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China and Mao - Essay Example

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The political climate in china changed shortly after the death following his underhand ways of governance prior to his death as his opinion was that socialism was not the best policy for China to follow. As a result, Mao looked into getting his rule over to almost every aspect…
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China and Mao The political climate in china changed shortly after the death following his underhand ways of governance prior to his death as his opinion was that socialism was not the best policy for China to follow. As a result, Mao looked into getting his rule over to almost every aspect of China including the economy, where communist sentiments were widespread so that it changed the value of social formation including the law of value. In addition to this, the political atmosphere changed following the removal of “Gang of Four” in Chinese leadership that brought about a new regime making political moves that raised concerns with other international communist movements (Eastmarsh, 1980). This is because there were frequent power struggles between different parties such as Hua Guofeng and Deng Xiaoping, who presented different ideologies on how China should progress. The reason for the differences in opinion and power struggles lies in political and economic state of the country, where Mao’s policies included controlling the economy of the nation, while reformists worked towards changing and bringing everything back to the people hence the different factions (Eastmarsh, 1980). With the above, reforms began trickling in as power was returned to the people and the leaders were denied of certain powers, where absolute decision making no longer lay with them. Instead, democracy started taking root as Deng, and communism ceased to be a full recognizable system and became a concept that was used to show how different the Chinese system of politics is different from that of the western world (Eastmarsh, 1980).
Free speech has always been a social concern in China, where freedom of expression is not widely practiced to date following the declaration of Mao’s “hundred flowers speech” which was then used against scholars who came up with schools of thought differing from those of his government (Allen, 2011). This is because the scholars were met with violent and extensive suppression, including re-education. After Mao’s death, free speech continued to be a problem because it only indicating the possibility of social unrest, in which case different ideas critiqued the government and political leaders negatively. As a result, freedom of speech has been widely denied to the Chinese people to date.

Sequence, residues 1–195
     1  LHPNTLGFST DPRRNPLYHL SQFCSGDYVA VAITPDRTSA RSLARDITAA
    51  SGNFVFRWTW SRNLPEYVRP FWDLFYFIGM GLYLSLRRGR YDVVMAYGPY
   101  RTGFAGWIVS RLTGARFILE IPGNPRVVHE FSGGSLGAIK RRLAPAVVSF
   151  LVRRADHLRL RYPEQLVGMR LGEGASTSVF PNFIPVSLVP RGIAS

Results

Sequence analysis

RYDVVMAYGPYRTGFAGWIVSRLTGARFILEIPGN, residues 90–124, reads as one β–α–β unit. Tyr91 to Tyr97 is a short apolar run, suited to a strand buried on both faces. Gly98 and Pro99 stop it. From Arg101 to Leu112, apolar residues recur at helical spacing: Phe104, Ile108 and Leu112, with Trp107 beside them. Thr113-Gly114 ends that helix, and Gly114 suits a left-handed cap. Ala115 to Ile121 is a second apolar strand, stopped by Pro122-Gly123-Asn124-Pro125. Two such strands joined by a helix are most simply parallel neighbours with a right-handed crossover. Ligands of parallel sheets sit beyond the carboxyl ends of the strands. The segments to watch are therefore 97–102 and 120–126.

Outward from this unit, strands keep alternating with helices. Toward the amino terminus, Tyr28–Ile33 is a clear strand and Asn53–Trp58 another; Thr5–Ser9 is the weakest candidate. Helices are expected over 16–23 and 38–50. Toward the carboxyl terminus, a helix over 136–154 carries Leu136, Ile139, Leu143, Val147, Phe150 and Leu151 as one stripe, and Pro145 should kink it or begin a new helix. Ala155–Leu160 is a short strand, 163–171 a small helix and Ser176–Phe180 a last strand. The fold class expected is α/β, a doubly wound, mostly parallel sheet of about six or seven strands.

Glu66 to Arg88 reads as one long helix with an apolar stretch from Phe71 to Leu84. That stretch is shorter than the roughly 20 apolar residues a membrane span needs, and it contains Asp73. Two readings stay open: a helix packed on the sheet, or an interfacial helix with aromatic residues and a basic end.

Another way in which free speech remains elusive is following Mao’s declaration of “hundred flowers speech”, which was used as an offensive strategy to lure out scholars who were against government policies. This made the Chinese people even more wary of any government plans to encourage its people to express themselves freely as it could be another offensive strategy. However, free speech is yet to expand as a result of government and leadership effort because it works to curb the use of media even to date in free expression of political ideas. This is to the extent of blocking social media in recent times to keep down instances of social unrest as these could trigger uprisings. It is for this reason that the government goes even further to regulate and restrict publication of politically sensitive material that even include issues of human rights and democracy (Allen, 2011).
References
Allen, K. (2011) 44 years on from Maos “hundred flowers speech”, China remains unfree | Left Foot Forward. Left Foot Forward | Evidence-based political blogging. Retrieved from http://www.leftfootforward.org/2011/02/chairman-mao-hundred-flowers-speech/
Eastmarsh, H. (1980). Analyzing China Since Mao’s Death. Marxists Internet Archive. Retrieved from http://www.marxists.org/history/erol/periodicals/theoretical-review/19801602.htm Read More
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